For the past five years a group of Wellington musicians has produced the Living Wage stage at the Newtown festival, New Zealand’s largest street festival. The musicians formed Artists for a Living Wage and set out to share the Living Wage message through performance and creativity and bring that message to the huge crowds who attend the Wellington event. Living Wage Wellington, the local movement, has used the stage as the background for a stall highlighting the campaign for Wellington to become New Zealand’s first Living Wage council and, now with Wellington City council being an accredited Living Wage Employer, the campaign for Wellington to become New Zealand’s first Living Wage city.
Every year there has been a different line-up of musicians and other performers. On 8 March Don McGlashan headlined the Living Wage stage. Hundreds of people packed out the space in front of the stage and Don held the audience spellbound for around half and hour of his music from the past four decades. Whether it was Claude Rains, I Wish I Was In Wellington or Anchor Me, the crowd loved it.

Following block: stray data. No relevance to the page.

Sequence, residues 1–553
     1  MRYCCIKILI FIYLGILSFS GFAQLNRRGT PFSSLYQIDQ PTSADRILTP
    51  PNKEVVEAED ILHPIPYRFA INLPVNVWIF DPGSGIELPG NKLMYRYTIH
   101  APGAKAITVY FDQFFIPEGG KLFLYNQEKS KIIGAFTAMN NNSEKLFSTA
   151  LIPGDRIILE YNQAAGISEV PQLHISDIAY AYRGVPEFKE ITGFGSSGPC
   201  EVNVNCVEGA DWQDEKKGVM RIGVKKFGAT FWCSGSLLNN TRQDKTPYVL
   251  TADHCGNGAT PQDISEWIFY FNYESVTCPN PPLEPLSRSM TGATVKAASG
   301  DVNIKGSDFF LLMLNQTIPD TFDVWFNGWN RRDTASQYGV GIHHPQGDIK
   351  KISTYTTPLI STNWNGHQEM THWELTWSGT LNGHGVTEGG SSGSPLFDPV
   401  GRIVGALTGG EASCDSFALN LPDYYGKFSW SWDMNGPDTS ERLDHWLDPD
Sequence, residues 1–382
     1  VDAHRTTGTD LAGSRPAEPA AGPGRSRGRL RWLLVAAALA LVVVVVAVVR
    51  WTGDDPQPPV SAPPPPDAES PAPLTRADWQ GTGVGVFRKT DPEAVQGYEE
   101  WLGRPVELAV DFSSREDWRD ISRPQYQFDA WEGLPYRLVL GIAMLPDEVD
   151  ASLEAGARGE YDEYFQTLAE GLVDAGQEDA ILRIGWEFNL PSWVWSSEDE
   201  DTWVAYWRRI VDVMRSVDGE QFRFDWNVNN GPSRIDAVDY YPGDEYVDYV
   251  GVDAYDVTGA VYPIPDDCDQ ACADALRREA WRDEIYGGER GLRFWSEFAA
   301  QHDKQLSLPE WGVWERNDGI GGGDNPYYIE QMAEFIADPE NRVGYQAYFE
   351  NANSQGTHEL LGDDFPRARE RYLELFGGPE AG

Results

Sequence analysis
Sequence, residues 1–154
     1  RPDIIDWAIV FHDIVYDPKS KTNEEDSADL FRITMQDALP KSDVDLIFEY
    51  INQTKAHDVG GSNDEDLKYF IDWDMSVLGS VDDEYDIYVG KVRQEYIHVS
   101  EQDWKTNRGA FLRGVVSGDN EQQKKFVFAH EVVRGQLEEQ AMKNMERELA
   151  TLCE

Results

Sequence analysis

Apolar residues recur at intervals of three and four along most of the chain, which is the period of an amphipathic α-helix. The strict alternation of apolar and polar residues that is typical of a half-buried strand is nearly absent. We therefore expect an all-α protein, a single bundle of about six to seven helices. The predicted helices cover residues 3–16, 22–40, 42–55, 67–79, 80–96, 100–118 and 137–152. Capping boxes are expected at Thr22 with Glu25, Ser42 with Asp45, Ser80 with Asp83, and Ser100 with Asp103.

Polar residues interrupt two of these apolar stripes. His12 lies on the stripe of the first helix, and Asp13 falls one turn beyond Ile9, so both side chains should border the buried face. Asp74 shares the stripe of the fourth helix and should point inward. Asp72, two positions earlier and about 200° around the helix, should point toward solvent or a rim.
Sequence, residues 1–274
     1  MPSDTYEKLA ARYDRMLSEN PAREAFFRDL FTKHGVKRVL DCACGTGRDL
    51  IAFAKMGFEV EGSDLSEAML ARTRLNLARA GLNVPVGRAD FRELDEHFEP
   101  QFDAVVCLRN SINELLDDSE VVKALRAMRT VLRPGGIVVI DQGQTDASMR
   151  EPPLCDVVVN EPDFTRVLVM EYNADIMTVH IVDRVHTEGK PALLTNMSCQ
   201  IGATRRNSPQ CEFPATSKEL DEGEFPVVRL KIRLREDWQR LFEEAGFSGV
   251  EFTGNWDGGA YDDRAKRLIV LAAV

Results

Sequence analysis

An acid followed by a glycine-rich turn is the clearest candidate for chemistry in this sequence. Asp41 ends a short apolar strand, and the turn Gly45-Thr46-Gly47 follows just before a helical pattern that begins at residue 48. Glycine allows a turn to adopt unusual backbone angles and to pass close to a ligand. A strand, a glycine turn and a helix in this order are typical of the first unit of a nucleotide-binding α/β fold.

Throughout the performance Don took the time to strongly advocate for the Living Wage. Wearing a T-shirt from local Living Wage employer, Good Fortune coffee, he gave a big shout out to Living Wage employers everywhere and spoke of the need for workers to have the Living Wage and for people to get active in the Living Wage Movement.
“In a country as small and well-off as Aotearoa New Zealand, we shouldn’t see the inequality that we see every day – families sleeping in cars, food banks and soup kitchens stretched beyond capacity,” Don said. “A Living Wage is a start, to enable more of us to live in dignity, and contribute to our community as citizens.”